The Right To Work

Do we have a right to a job?

The International Bill of Human Rights, the fuller expression of the Universal Declaration of Human Rights, includes a ‘right to work under just and favourable conditions‘, together with a ‘right to an adequate standard of living’.  But does the community have an obligation to provide employment? Yes, if we believe that humanity is one – and it’s through the concept of trusteeship.

This was one of two particularly interesting discussion points at an exhilarating Bahá’í summer school this week.  I had enrolled on a course studying The Prosperity of Humankind, a statement prepared by the Bahá’í International Community for the UN Summit on Social Development in Copenhagen in 1995.  What became apparent through our study over the week was that its themes are possibly even more relevant now than they were then.

I will get to the point, but first let me share the context, which contributed to the richness of the discussions. This event was organised by the UK Bahá’í community (this one was at Wellington College; the other English summer school this year was held at the equally beautiful Ampleforth College) but wonderfully diverse. My small study group included people from China, Malaysia, Italy, Australia, Egypt and Switzerland. They included a physics teacher, a surgeon, a first year undergrad student, an art teacher, a prosthetist and orthotist, an unemployed architect, an engineer and a development academic (breast-feeding her young one). Ages ranged from twenty to eighty years, and it wasn’t simply Bahá’ís either. And our consultation was especially illumined by two young women who had taken courses with the Institute for Studies in Global Prosperity.

The Prosperity of Humankind statement is immense and nearly impossible to summarise. Its starting point is that we are living at an extraordinary time, a time of a profound transformation in human consciousness: “The history of humanity as one people is now beginning’”.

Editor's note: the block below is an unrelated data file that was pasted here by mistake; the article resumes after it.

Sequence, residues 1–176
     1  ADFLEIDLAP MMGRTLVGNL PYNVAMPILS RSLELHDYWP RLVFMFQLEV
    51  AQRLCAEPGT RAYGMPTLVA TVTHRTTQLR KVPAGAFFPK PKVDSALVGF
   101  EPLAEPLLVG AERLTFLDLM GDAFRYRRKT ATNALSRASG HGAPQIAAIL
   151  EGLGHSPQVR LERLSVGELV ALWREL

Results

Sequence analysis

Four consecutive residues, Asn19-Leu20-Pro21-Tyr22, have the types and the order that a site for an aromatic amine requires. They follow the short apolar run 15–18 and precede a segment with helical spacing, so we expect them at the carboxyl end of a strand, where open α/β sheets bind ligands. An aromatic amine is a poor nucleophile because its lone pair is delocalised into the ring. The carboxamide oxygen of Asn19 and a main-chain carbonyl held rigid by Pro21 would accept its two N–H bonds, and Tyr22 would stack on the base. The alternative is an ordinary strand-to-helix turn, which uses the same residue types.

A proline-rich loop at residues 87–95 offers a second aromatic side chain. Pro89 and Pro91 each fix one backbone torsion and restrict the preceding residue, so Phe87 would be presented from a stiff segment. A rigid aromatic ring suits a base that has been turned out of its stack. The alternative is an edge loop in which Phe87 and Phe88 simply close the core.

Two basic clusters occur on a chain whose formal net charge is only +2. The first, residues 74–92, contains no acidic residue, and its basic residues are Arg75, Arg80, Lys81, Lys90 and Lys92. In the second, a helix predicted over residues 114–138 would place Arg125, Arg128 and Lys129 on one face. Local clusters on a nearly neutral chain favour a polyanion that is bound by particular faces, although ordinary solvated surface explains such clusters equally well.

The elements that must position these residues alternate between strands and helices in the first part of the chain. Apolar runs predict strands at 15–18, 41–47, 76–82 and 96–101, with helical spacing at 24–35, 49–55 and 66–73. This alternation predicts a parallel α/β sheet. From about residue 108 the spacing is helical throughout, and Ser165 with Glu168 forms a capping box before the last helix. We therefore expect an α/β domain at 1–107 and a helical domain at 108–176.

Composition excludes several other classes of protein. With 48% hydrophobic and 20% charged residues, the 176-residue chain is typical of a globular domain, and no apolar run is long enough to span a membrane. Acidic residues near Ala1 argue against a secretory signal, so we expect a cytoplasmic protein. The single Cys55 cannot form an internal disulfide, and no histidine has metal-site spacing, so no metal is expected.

The statement asserts that justice is the one power that can translate this “dawning consciousness of humanity’s oneness into a collective will through which the necessary structures of global community life can be confidently erected”. It proposes that consultation – freed from prejudice and partisanship – must be “the operating expression of justice in human affairs”. It calls for the empowerment of humankind through a vast increase in access to knowledge, and a fundamental redefinition of human relationships. And it discusses the nature of power and authority in the “world that is struggling to be born”.

The statement asserts that we all share responsibility for every child born into the world:

“Since the body of humankind is one and indivisible, each member of the race is born into the world as a trust of the whole.”

This trusteeship, it says, constitutes the moral foundation for most of the economic and social rights which the United Nations has attempted to define.  It goes on to extend the notion of the right to work, beyond simply the rights to work under just conditions or an adequate income (ie through unemployment benefits) :

“The security of the family and the home, the ownership of property, and the right to privacy are all implied in such a trusteeship. The obligations on the part of the community extend to the provision of employment, mental and physical health care, social security, fair wages, rest and recreation, and a host of other reasonable expectations on the part of the individual members of society.” [italics added]

This right to employment has to be understood within the context of concomitant responsibilities for the individual to seek work and to give of their best. It’s not a call for state-sponsored sinecures but a recognition, as the statement also points out, that work is special.